This won’t hurt – Images of St. Matthews Hospital, Burntwood

Following my post earlier this week about Burntwood Asylum – latterly St .Matthews Hospital – I have been bowled over by the response of readers to what I thought might be a taboo subject. From reader responses – including some excellent work by Paul Ford, of Walsall Local History Centre – it seems I have much reading to do and there is more information on the subject the now long-gone facility about than I thought. In the meantime, I pulled the excellent and fascinating book ‘This Won’t Hurt: A History of the Hospitals of Lichfield‘ by Mary Hutchinson, Ingrid Croot and Anna Sadowski (ISBN 978-0-9565225-0-4) off the shelf and thought I’d share some of the images with readers. The book is still widely available from outlets in Lichfield at the very reasonable price of around seven quid – I bought mine from the St. Mary’s Heritage Centre, but I think Smiths also have it.

Please buy a copy, it’s brilliant. My thanks to the authors.

Still available from stores - but apparently sold out on Amazon. Get one while you can.
I mentioned in my original post that there were often postcards of asylums - and so there is one of St, Matthews, Burntwood. Sent by and anonymous reader, whom I thank.
The buildings look quite dark and large, but generally they were quite light, airy places, as the Victorians believed (with some basis in reality) that fresh air and sunlight were crucial to mental healing. Taken from 'This Won't Hurt: A History of the Hospitals of Lichfield' by Mary Hutchinson, Ingrid Croot and Anna Sadowski.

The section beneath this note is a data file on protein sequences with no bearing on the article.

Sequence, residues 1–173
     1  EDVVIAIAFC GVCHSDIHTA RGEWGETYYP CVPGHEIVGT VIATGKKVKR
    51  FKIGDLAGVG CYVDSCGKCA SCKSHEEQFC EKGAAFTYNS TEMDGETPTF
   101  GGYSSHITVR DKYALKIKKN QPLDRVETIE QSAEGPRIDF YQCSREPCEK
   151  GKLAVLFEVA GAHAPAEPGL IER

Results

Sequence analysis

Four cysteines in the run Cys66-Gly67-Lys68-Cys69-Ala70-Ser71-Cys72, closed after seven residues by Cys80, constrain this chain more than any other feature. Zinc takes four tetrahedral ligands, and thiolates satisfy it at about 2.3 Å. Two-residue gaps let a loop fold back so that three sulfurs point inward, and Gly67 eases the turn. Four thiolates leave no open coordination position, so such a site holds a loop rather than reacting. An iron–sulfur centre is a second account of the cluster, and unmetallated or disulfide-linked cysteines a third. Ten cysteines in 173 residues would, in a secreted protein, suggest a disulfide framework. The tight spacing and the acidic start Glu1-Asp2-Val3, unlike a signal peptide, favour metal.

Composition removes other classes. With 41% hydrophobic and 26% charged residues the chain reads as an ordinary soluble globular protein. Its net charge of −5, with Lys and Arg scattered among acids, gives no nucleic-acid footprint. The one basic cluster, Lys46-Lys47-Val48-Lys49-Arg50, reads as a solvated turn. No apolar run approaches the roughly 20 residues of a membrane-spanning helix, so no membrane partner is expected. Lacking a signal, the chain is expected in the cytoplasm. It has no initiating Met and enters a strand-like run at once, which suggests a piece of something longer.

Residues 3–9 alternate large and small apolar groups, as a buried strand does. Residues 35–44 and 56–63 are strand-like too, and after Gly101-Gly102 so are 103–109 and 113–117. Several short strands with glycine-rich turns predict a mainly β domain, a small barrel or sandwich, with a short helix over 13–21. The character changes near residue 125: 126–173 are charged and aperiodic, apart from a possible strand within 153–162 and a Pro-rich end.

Sadly, no date for this image is given, anybody able to speculate based on the crisp uniforms? Taken from 'This Won't Hurt: A History of the Hospitals of Lichfield' by Mary Hutchinson, Ingrid Croot and Anna Sadowski.
Even in the late Victorian era, St. Matthews thad a rich social life. I wonder how common it was for people in those days to have a photo of themselves to hand? Taken from 'This Won't Hurt: A History of the Hospitals of Lichfield' by Mary Hutchinson, Ingrid Croot and Anna Sadowski.
The clock tower on the Administration Building was a common feature of many a Victorian Asylum, as was a water tower. They were mostly built on hills to maximise the exposure to fresh air, so needed substantial water infrastructure. Not sure if Burntwood had one. Taken from 'This Won't Hurt: A History of the Hospitals of Lichfield' by Mary Hutchinson, Ingrid Croot and Anna Sadowski.
This is a wonderful curio. Wonder what happened to the lamp? Taken from 'This Won't Hurt: A History of the Hospitals of Lichfield' by Mary Hutchinson, Ingrid Croot and Anna Sadowski.
Another interesting image, again, sadly undated. Such hospitals were surrounded by well-tended grounds and patients were encouraged to take the air and engage in such activity where possible. Taken from 'This Won't Hurt: A History of the Hospitals of Lichfield' by Mary Hutchinson, Ingrid Croot and Anna Sadowski.
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  1. ECT and the machine that wasn’t switched on | ECT statistics  March 30, 2018

    […] On 22 January 2018 the Birmingham Mail published an obituary of Tamworth GP Dr John Weston Smith, who had died aged 95. The obituary mentioned that he had provided anaesthesia for electroconvulsive therapy (ECT) at St. Matthews Hospital in Burntwood. (You can see some historic photographs of St Matthews Hospital here.) […]

     

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